Estradiol and mTORC2 cooperate to enhance prostaglandin biosynthesis and tumorigenesis in TSC2-deficient LAM cells
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CitationLi, C., P. Lee, Y. Sun, X. Gu, E. Zhang, Y. Guo, C. Wu, et al. 2014. “Estradiol and mTORC2 cooperate to enhance prostaglandin biosynthesis and tumorigenesis in TSC2-deficient LAM cells.” The Journal of Experimental Medicine 211 (1): 15-28. doi:10.1084/jem.20131080. http://dx.doi.org/10.1084/jem.20131080.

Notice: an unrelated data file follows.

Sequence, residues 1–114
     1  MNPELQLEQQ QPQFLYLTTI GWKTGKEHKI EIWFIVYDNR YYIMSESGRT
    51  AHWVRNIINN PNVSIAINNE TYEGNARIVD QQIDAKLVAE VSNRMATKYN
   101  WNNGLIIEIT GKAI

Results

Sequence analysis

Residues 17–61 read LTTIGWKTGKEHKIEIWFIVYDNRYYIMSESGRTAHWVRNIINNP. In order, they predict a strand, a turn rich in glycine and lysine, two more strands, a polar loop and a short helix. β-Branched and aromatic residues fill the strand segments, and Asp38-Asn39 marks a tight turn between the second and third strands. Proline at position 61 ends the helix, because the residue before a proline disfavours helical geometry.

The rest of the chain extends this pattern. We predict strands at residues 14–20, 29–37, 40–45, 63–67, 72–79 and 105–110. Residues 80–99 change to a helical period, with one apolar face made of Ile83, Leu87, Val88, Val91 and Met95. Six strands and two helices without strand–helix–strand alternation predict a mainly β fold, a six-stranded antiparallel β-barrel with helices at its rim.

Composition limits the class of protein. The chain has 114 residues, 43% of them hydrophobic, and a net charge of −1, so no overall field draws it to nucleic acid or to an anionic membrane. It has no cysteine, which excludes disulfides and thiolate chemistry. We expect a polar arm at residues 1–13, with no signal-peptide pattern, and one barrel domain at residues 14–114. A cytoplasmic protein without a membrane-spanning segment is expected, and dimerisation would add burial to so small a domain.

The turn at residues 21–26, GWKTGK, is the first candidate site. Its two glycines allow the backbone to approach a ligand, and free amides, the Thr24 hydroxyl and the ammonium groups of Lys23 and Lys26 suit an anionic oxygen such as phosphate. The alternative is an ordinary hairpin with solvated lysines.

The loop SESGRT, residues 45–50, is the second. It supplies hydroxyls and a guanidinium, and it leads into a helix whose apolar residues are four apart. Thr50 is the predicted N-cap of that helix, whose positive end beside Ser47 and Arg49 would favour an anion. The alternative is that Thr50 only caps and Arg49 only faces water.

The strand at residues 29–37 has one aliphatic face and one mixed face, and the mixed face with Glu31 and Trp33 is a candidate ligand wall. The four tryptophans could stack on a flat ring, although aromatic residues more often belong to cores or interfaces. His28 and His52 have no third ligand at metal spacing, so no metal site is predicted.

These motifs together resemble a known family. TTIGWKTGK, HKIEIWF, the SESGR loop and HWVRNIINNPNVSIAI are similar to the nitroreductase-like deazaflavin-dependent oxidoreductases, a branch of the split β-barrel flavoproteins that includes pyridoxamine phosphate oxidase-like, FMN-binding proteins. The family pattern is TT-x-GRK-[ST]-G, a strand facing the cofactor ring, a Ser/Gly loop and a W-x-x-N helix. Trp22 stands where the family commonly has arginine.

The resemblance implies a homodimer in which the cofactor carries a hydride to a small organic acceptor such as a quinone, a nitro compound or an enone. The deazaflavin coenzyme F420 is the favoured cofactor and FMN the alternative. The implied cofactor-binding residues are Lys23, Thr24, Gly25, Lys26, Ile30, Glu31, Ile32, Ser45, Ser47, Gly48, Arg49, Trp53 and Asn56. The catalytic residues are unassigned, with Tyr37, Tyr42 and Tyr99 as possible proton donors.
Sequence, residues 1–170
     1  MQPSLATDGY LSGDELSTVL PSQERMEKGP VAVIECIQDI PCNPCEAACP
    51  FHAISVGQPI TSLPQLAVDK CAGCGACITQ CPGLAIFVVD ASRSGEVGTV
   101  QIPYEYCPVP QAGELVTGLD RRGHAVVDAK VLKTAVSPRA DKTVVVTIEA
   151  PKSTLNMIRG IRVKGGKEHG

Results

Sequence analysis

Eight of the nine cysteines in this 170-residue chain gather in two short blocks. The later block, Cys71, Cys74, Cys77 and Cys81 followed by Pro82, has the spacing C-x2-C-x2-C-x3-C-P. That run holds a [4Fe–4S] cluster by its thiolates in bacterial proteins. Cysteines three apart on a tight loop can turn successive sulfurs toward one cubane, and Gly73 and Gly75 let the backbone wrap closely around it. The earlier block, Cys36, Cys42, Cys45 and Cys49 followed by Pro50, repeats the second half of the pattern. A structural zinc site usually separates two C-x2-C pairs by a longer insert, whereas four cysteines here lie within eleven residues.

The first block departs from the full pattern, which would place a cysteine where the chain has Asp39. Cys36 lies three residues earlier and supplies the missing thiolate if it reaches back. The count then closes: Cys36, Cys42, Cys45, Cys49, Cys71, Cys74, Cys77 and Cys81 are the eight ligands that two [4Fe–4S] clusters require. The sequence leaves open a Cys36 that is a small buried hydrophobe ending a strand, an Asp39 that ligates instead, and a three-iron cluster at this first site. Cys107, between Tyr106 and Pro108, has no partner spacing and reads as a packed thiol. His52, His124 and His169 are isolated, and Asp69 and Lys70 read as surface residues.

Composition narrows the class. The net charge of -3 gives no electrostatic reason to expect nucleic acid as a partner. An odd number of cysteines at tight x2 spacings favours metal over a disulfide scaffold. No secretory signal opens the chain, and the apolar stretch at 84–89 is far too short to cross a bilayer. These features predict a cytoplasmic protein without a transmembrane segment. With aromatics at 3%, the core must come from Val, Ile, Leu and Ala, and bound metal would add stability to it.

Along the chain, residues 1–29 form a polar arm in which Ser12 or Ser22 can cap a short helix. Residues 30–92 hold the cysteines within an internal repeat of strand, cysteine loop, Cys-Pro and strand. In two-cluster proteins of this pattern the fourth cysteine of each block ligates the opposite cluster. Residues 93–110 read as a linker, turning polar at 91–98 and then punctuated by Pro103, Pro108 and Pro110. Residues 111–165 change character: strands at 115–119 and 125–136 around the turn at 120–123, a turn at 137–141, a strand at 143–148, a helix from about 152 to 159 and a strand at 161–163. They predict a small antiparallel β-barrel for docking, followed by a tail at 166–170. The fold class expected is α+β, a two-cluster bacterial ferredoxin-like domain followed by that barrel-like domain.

AbstractLymphangioleiomyomatosis (LAM) is a progressive neoplastic disorder that leads to lung destruction and respiratory failure primarily in women. LAM is typically caused by tuberous sclerosis complex 2 (TSC2) mutations resulting in mTORC1 activation in proliferative smooth muscle–like cells in the lung. The female predominance of LAM suggests that estradiol contributes to disease development. Metabolomic profiling identified an estradiol-enhanced prostaglandin biosynthesis signature in Tsc2-deficient (TSC−) cells, both in vitro and in vivo. Estradiol increased the expression of cyclooxygenase-2 (COX-2), a rate-limiting enzyme in prostaglandin biosynthesis, which was also increased at baseline in TSC-deficient cells and was not affected by rapamycin treatment. However, both Torin 1 treatment and Rictor knockdown led to reduced COX-2 expression and phospho-Akt-S473. Prostaglandin production was also increased in TSC-deficient cells. In preclinical models, both Celecoxib and aspirin reduced tumor development. LAM patients had significantly higher serum prostaglandin levels than healthy women. 15-epi-lipoxin-A4 was identified in exhaled breath condensate from LAM subjects and was increased by aspirin treatment, indicative of functional COX-2 expression in the LAM airway. In vitro, 15-epi-lipoxin-A4 reduced the proliferation of LAM patient–derived cells in a dose-dependent manner. Targeting COX-2 and prostaglandin pathways may have therapeutic value in LAM and TSC-related diseases, and possibly in other conditions associated with mTOR hyperactivation.
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